On Power, Its Nature and the History of Its Growth

By Bertrand de Jouvenel; D. W. Brogan et al. | Go to book overview

TRANSLATOR'S NOTE

THROUGHOUT this book, its title included, the word 'Power; whenever it begins with the capital letter, denotes the central governmental authority in states or communities-l'ensemble des éléments gouvernementaux, as the author himself defines it.

The notes which appear at the end of each chapter are the author's. Those few which appear in the text are my own. These latter are in the main directed to informing the reader on matters with which Englishmen and Americans would tend naturally to be less well acquainted than Frenchmen. I have repressed the temptation to add greatly to their number.

The introductory epigraph does not appear in the original but is inserted here with the author's warm approval.

In an article entitled "Concerning Translation," which appeared in the Edinburgh Review for January 1927, Mr. Lewis May tells this story: "I remember saying to Anatole France that translation was an impossible thing. . . . He replied: 'Precisely, my friend; the recognition of that truth is a necessary Preliminary to success in the art.' " My 'impossible" labours have been much cheered by this consideration. It has in any ease been a privilege to have translated this great book.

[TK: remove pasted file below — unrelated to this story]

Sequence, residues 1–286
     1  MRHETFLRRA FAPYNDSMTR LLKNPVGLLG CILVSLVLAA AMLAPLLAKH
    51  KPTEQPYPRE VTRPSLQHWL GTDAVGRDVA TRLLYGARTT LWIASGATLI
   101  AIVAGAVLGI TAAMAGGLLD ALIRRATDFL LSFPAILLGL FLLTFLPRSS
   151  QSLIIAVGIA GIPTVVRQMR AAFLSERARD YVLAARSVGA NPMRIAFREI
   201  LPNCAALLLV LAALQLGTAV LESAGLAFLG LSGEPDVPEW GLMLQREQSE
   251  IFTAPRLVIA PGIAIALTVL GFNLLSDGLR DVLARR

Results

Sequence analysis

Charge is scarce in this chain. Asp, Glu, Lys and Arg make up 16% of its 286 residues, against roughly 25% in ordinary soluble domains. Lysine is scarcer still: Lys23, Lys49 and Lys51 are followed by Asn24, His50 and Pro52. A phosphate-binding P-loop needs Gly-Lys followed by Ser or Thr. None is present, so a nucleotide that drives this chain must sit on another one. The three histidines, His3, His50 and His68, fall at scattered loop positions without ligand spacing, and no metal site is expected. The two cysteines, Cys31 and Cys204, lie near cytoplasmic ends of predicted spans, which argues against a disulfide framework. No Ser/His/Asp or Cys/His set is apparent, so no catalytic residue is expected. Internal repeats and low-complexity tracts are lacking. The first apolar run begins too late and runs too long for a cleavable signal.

The absence of any reference to the important books of Ferrero and Russell on the same subject is due to the fact that they were not, unfortunately, available to the author when he was writing.

J. F. H.

-xiii-

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On Power, Its Nature and the History of Its Growth
Table of contents

Table of contents

  • Title Page iii
  • Contents vii
  • Translator's Note xiii
  • Preface xv
  • The Minotaur Presented 1
  • Book I - Metaphysics of Power 15
  • I. of Civil Obedience 17
  • Book II - Origins of Power 61
  • Iv. the Magical Origins of Power 63
  • Book III - Of the Nature of Power 93
  • Vi. the Dialectic of Command 95
  • VII- the Expansionist Character Of Power 119
  • Book IV - The State as Permanent Revolution 155
  • IX- Power, Assailant of The Social Order 157
  • Xi. Power and Beliefs 194
  • Book V - The Face of Power Changes, But Not Its Nature 213
  • Xii. of Revolutions 215
  • Xiii. Imperium and Democracy 236
  • Book VI - Limited Power or Unlimited Power? 281
  • Xv. Limited Power 283
  • Xvii. Liberty's Aristocratic Roots 317
  • Xix. Order or Social Protectorate 336
  • Epilogue - Written by the Translator 379
  • Notes 383
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